Monday, June 11, 2007

The summerhouse of peace

Just over the hill from here at the end of Ireland's Dingle Peninsula, the Blasket Islands reach out toward America like stepping stones. Until the middle of the last century, a remarkable community of people lived on the Great Blasket, hardy, self-sufficient, and -- as evidenced by the body of literature in Irish that they gave us -- deeply spiritual, in a way that owed more to ancient Celtic tradition than to Christianity.

Here is Peig Sayers, in a typical passage from her book, An Old Woman's Reflections (1962):
I was up very early because I had a good lot of work to do. When I put my head to the door, it would be a good person the delight of that hour wouldn't lift the mist from his heart. The sea was smooth and slippery, and the dew heavy on the grass and this sun beating over the back of Eagle Mountain and red as a piece of old gold. If I had pen and ink then wouldn't I describe well the delight of that morning. Many a nice color I had to be seen with the rising of the sun -- the gulls on the beach, the lark above me singing his pure gentle song, and more, if I mention them.
Life on the island was not easy. A spell of bad weather might cut off the islanders from the mainland for weeks on end. Peig married into the Blasket, and made the best of it.
The golden mountains of Ireland are without mist before me. The sea is pouring itself against the rock and running up in dark ravines and caves where the seals live. We are not disturbed by the uproar and noise of the city. Here is a fine hedge around us and we are inside the Summerhouse of Peace.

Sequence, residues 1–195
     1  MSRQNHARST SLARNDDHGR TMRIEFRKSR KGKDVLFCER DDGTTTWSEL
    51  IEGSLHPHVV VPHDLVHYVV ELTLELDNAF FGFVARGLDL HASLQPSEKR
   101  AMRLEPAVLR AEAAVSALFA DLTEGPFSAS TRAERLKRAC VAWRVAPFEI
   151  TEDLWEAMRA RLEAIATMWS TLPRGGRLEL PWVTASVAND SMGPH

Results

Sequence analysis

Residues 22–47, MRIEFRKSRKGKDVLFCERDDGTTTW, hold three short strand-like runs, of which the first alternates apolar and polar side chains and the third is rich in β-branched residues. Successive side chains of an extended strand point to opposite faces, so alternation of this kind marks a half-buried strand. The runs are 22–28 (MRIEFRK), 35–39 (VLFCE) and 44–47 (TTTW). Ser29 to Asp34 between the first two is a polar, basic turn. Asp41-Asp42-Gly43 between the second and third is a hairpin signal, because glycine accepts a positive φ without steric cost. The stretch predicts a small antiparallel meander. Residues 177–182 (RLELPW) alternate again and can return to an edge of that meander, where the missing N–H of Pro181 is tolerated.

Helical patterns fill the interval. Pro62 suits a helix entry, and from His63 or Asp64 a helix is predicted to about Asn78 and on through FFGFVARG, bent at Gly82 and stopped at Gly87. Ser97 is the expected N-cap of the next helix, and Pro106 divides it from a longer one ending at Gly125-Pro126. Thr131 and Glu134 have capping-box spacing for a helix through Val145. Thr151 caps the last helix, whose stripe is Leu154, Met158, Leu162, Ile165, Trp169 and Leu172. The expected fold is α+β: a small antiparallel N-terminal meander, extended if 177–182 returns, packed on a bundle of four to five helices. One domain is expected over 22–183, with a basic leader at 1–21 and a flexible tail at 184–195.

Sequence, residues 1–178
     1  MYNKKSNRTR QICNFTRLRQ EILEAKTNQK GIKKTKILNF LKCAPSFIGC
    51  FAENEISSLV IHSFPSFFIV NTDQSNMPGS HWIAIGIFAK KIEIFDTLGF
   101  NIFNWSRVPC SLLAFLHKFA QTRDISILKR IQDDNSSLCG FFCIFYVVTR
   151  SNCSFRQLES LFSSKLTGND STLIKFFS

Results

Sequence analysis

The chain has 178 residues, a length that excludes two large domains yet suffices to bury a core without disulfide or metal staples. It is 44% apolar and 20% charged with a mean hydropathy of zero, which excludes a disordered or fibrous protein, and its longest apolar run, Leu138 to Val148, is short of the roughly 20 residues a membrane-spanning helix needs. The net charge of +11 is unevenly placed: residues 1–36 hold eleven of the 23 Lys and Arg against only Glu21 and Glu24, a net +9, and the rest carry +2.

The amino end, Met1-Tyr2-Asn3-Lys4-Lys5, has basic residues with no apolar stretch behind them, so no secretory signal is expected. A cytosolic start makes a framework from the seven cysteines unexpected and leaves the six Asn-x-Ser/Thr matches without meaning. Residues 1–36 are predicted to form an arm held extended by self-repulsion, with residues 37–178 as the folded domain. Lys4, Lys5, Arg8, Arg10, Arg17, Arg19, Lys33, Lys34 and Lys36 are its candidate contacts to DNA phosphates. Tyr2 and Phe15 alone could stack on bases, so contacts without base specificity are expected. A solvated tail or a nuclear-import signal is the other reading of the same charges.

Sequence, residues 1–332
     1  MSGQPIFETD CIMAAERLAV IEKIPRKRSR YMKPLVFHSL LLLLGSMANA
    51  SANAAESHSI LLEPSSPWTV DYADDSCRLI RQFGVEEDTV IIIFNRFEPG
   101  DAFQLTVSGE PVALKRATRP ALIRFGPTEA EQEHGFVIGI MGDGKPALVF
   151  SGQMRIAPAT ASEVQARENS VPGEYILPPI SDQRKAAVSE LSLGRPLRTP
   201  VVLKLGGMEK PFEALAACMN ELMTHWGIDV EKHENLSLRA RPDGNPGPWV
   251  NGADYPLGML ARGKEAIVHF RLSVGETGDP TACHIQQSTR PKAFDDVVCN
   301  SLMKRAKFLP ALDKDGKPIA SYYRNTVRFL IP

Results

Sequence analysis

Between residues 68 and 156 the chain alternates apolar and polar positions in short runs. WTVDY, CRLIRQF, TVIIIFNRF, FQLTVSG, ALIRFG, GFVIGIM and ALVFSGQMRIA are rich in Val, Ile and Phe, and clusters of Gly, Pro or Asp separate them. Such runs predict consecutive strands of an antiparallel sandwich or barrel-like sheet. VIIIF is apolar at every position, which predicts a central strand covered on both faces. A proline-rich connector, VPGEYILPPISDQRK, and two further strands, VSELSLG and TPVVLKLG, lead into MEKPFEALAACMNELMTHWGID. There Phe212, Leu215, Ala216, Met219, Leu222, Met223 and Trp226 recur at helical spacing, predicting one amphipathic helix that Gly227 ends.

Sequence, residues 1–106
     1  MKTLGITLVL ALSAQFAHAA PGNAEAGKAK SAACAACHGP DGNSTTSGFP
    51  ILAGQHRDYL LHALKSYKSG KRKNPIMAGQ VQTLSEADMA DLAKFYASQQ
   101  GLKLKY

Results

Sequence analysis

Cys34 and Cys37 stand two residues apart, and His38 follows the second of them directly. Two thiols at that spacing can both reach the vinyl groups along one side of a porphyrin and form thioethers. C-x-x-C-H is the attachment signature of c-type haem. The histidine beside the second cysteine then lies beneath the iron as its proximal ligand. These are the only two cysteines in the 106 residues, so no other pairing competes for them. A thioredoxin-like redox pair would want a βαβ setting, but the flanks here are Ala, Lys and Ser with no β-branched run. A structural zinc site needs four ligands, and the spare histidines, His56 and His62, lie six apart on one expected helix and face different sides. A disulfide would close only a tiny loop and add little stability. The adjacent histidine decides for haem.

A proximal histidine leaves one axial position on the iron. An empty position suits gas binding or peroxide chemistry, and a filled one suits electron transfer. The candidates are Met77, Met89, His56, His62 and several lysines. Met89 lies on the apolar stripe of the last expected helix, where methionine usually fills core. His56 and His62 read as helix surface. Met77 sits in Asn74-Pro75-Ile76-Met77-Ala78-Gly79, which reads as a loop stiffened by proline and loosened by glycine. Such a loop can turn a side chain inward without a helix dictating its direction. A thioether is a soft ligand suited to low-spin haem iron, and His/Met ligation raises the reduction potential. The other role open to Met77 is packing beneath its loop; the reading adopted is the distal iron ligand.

The writer John O Riordain says that Celtic spirituality is characterized by a sense of the unity and harmony of the natural world -- sky, earth, the pounding sea, the phases of the moon, the changing seasons, the bird on the bush, sunrise and sunset -- woven into a timeless tradition that speaks continuously of the glory of the Creator. The Celts, by all accounts, had a hunger for wonder; they lived to be astonished. I suppose there is nothing particularly unique in that. We all have a need to be jolted out of the ordinary. For most of us in the developed world the required jolts become ever more artificial, ever more contrived. We need our natural catastrophes, our Anna Nicole Smiths and Paris Hiltons, our schoolroom massacres, our shock and awe. Reading Peig Sayers one has the sense of a person who has not lost the capacity to be astonished by the commonplace, who wakes each morning with a sense of gift, who stands in awe of a flower in a cut away bog. Peig's spirituality makes a sacrament of the ordinary; a sun as red as old gold can be (as the Church defines it) a visible sign of an invisible grace. She never loses sight of the miracle of the everyday. Her formal religion -- Catholic Christianity -- is rather an accident of where and when she was born. The religion that sustains her day by day on her wild, wet island is older and deeper than the formal trappings of any church.